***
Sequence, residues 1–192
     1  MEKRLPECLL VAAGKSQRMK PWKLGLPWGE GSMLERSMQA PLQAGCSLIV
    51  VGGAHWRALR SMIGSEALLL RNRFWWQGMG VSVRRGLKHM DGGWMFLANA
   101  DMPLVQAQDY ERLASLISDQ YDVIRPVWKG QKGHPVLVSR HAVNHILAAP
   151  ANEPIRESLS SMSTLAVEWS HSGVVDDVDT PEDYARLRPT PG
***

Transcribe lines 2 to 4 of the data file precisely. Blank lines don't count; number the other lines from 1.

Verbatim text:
     1  MEKRLPECLL VAAGKSQRMK PWKLGLPWGE GSMLERSMQA PLQAGCSLIV
    51  VGGAHWRALR SMIGSEALLL RNRFWWQGMG VSVRRGLKHM DGGWMFLANA
   101  DMPLVQAQDY ERLASLISDQ YDVIRPVWKG QKGHPVLVSR HAVNHILAAP